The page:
Google Analytics

Google Analytics is probably the most recognizable self-service business intelligence (BI) platform on the market. It’s free to use and highly popular with companies looking to use both BI and data visualization features. In fact, it’s so popular that other BI apps, including our Editors’ Choice winners Microsoft Power BI and Tableau Desktop, offer connections to the platform. In an age where companies survive off of click-throughs and other metrics, Google Analytics has become something of a household name in the BI space.

Still, you’ll want to think ahead before simply deploying Google Analytics in your organization. While’s research found that over 70 percent of companies now use Google Analytics systems to report online performance, they also noted that “frequently, once the tool is in place, there seems to be a ‘what next’ moment.”

That lost feeling isn’t surprising considering Google doesn’t offer nearly the same level of customer support as most of the smaller players I reviewed. Deploying Google Analytics leaves training mostly in your hands, which is justifable considering it’s a freemium tool. But, while there are plenty of tutorials available on websites such as LinkedIn or YouTube, you should keep training in mind during deployment and preview these before relying on them for your employees.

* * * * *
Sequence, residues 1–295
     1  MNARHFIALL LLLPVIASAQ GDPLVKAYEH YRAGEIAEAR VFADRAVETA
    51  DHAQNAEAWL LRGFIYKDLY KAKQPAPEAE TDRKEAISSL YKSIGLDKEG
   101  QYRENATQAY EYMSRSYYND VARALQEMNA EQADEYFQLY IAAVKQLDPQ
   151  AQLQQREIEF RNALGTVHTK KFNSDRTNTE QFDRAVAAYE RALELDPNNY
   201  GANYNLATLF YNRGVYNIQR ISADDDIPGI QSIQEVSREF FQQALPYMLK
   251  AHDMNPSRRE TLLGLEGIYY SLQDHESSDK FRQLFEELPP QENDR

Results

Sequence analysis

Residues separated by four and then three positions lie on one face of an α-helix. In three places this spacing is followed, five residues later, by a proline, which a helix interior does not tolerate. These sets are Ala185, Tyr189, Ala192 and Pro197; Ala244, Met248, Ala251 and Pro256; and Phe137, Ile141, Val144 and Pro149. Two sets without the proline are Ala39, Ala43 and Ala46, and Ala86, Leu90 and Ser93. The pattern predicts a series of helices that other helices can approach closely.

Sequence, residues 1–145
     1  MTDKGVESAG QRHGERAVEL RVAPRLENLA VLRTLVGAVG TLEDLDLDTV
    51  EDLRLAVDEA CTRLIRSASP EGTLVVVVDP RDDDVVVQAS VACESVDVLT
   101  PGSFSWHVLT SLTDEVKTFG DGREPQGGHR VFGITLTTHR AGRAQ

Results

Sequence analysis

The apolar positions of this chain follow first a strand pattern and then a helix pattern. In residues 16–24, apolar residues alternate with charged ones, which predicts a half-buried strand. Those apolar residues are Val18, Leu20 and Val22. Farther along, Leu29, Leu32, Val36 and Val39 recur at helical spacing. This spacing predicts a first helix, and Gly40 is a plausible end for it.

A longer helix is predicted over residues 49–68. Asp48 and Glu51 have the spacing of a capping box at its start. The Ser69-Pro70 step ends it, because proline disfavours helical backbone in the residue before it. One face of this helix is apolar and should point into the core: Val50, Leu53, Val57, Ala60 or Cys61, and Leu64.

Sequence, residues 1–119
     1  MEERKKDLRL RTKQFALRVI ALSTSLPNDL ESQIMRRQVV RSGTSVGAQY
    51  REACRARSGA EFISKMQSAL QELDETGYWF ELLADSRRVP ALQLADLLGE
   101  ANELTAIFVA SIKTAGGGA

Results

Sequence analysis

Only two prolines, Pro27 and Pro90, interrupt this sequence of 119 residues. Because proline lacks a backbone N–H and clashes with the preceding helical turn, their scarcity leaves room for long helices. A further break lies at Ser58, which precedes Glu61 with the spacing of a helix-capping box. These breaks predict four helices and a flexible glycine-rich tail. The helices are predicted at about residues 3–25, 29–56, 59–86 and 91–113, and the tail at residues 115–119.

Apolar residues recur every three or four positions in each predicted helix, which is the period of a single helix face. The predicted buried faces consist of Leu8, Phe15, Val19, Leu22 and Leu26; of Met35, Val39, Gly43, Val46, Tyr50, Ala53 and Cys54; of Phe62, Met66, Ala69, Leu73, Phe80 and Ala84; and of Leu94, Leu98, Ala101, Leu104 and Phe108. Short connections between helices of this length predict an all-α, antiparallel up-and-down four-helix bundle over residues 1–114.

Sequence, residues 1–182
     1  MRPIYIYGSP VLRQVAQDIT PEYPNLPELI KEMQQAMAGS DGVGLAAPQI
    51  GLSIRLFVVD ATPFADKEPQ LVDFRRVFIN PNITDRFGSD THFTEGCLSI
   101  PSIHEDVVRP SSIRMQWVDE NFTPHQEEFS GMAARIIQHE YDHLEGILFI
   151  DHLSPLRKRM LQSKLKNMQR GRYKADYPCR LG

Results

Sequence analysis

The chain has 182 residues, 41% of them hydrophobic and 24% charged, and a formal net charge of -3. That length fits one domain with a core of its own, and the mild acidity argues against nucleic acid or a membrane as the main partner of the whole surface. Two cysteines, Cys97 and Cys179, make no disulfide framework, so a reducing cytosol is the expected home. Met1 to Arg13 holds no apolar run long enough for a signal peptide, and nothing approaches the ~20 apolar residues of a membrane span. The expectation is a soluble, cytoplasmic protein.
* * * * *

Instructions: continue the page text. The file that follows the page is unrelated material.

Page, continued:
Next to its support issues, Google Analytics also doesn’t ingest as many data sources as do our Editors’ Choice winners IBM Watson Analytics (360.00 Per User Per Year for the Plus Edition at Software Advice) , Microsoft Power BI, and Tableau Desktop. However, that shortfall can be remedied by stepping up to Google Analytics 360 and Google BigQuery, which is Google’s Big Data storage and querying tool. However, both of these have a slightly different concentration than freemium Google Analytics, which is laser-focused on mobile and web analytics.

Multiple Versions

The aforementioned Google Analytics 360 is the enterprise version of Google Analytics, but I didn’t test that version as part of this review. I didn’t test it primarily because the main difference between freemium and premium at the time of this writing is the amount of data you can access. Google Analytics allows a maximum of 50,000 rows of exported data and 10 million “hits” per month. Hits are defined as pageviews, events, e-commerce transactions, and social actions on a website or mobile app. Meanwhile, Google Analytics 360 allows up to 3,000,000 rows of exported data and over 500 million “hits” per month. Data refreshes differ, too: For Google Analytics, the data can be refreshed every 24 hours or longer whereas the Premium version allows for more frequent refreshes at four hours or less.

Most companies will find the freemium version suffices. However, if you’re looking to scale to enormous data volumes, then the enterprise price tag may be worth it. But know it’s a pricey option, rumored to start at the same price as its predecessor, Google Analytics Premium, which is about $150,000 per year according to a Quora discussion. Rumor is all we have at this point as Google hasn’t published official pricing for Analytics 360 yet (since it’s still in beta). Based on the response I received from Google’s press team when I asked for ente

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